“Basically women are body conscious and men play with their joysticks. The woman is in the more powerful position. The idea is about woman and man, sexual and urban.”

Genta Matsumura from new wave/dance-punk quartet Umibachi trying to explain the at first glance baffling title of his band’s new album “Body Conscious & Joystick,” their first new release since 2004’s “No School.”

“We’re all shy boys,” agrees drummer Eiji Morotomi, “and then there’s the idea of analogue and digital. ‘Body-conscious’ is more analogue, and ‘joystick’ is digital.”

Of course anyone familiar with Japanese cultural trends would be able to tell you that the phrase body conscious, usually abbreviated as bodycon, was one of the buzz phrases of the 1980s, and the sense of looking back over the decade of the band’s childhood runs throughout “Body Conscious & Joystick”.

“The album kind of compiles all these ideas from when we were young,” says Morotomi, not least being the sound, which brings together the disco punk of ’70s and ’80s New York bands like Liquid Liquid and ESG, with the gleefully nonsensical atmosphere of Japanese new wavers the Plastics, topped off with Matsumura’s wired, hectoring, Fred Schneider-like vocals.

Matsumura’s past has been tied up with the new-wave scene at least since the late ’90s when, as part of the band Chicago Bass, he was part of the “Tokyo New Wave of New Wave” ’80s revival scene alongside bands like Polysics and Motocompo. However, he believes that the situation nowadays is very different.

“The difference was that the ’90s new- wave scene was just an image of ’80s bands like the Plastics and P-Model,” he explains, “but now bands are just behaving like they did back in the ’70s, where all kinds of different sounds can be made by people who just have a similar creative attitude.”

Part of that change is down to wider changes in how the music industry is structured and the associated cultural changes in the music scene, not least among which has been the increase in the ability of bands to record and release music themselves, not only as a matter of necessity but also as a matter of choice. Despite being established musicians, “Body Conscious & Joystick” was produced and released entirely by the band themselves, only leaving their hands at the last stage to be mastered by Rovo’s Tatsuki Masuko.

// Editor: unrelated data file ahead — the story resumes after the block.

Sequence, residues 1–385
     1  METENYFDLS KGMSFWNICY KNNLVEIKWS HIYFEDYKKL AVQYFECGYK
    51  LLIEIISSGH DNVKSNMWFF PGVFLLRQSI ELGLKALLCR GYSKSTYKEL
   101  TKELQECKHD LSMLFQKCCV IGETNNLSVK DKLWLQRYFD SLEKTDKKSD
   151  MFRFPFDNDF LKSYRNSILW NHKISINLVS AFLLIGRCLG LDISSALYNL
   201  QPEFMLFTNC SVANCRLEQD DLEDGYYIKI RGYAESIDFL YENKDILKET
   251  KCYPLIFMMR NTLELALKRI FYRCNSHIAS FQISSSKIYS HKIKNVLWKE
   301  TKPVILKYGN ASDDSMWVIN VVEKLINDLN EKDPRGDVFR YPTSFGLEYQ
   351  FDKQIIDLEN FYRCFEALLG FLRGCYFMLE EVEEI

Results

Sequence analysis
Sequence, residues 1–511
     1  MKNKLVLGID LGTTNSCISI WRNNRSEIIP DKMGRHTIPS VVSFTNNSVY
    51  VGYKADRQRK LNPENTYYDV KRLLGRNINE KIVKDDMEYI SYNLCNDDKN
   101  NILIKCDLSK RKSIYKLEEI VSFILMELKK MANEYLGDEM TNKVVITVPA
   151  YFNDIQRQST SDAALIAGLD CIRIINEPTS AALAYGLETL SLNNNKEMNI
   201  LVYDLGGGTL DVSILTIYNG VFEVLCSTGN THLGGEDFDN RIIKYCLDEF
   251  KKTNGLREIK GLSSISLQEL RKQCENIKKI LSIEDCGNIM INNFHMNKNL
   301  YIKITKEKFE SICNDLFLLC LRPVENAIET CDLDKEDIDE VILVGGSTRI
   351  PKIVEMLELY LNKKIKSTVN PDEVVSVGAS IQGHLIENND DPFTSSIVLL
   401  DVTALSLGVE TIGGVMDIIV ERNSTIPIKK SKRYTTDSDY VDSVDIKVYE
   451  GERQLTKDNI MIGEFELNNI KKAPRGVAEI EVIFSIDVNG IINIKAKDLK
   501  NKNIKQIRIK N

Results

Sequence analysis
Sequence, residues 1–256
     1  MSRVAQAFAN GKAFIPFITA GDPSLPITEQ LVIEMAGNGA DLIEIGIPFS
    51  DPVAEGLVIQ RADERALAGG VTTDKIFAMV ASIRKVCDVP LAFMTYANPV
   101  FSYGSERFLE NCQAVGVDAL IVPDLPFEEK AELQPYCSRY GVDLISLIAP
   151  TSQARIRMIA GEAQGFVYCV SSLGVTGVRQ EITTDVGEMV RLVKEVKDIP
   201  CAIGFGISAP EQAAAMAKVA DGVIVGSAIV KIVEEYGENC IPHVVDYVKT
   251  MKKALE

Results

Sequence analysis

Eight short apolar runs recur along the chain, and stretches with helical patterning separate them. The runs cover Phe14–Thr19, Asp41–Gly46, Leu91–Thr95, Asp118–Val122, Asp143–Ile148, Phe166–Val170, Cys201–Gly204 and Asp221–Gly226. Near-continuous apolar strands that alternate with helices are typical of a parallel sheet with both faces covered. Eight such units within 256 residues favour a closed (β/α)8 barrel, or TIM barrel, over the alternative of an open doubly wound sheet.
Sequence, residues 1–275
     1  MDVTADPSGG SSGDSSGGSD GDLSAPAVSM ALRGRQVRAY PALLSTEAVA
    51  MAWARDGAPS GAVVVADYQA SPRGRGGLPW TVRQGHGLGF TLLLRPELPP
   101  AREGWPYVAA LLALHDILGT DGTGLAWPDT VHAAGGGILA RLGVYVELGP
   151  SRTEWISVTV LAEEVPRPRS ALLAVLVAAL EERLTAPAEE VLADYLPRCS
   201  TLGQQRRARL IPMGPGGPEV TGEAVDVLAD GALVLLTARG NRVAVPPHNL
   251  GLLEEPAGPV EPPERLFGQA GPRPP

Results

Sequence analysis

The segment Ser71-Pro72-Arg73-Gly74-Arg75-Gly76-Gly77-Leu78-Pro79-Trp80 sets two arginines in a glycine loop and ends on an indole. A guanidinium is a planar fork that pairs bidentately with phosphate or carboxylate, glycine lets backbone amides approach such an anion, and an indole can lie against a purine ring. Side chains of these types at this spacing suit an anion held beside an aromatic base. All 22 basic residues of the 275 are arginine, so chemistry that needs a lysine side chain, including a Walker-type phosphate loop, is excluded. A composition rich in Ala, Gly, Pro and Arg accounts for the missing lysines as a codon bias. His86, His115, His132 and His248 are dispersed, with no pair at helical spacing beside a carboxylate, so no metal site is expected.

In a sense the increasing popularity of self-released albums is an unfortunate byproduct of the decline of independent labels in the Japanese music scene, with the increase of self-released records a musical analogue to the dubious system of literary vanity publishing. However, the changes in technology and distribution in the music industry mean that this shift might actually have some important benefits to musicians.

“Big record stores like Tower and HMV don’t distribute indie so much,” says Morotomi, “They’re making their stores smaller, and indie releases are getting squeezed out. On the other hand, Disk Union is becoming more and more friendly to indies releases.”

Indie record chain Disk Union have increasingly been taking on the role of distributors, picking up not only Umibachi but also less well known but equally exciting underground bands like tacobonds, The Mornings and Fukuoka band ruruxu/sinn. Looked at one way, all they’re doing is pushing the financial risk for the album back onto the band themselves, but on the other hand, by cutting out the middleman of the label, it allows the bands much more control over their music.

As Matsumura says, “These days it’s all about the Internet. It’s easy to find CD press companies, we can get distribution, and we can promote it through our Web page. All we really need to do is to send the music to the audience directly.”

Umibachi plays Shimokitazawa’s Three on Feb. 24, and a special CD launch party at Shinjuku Marz on March 26 that starts at midnight. For more information, visit www.umibachi.com

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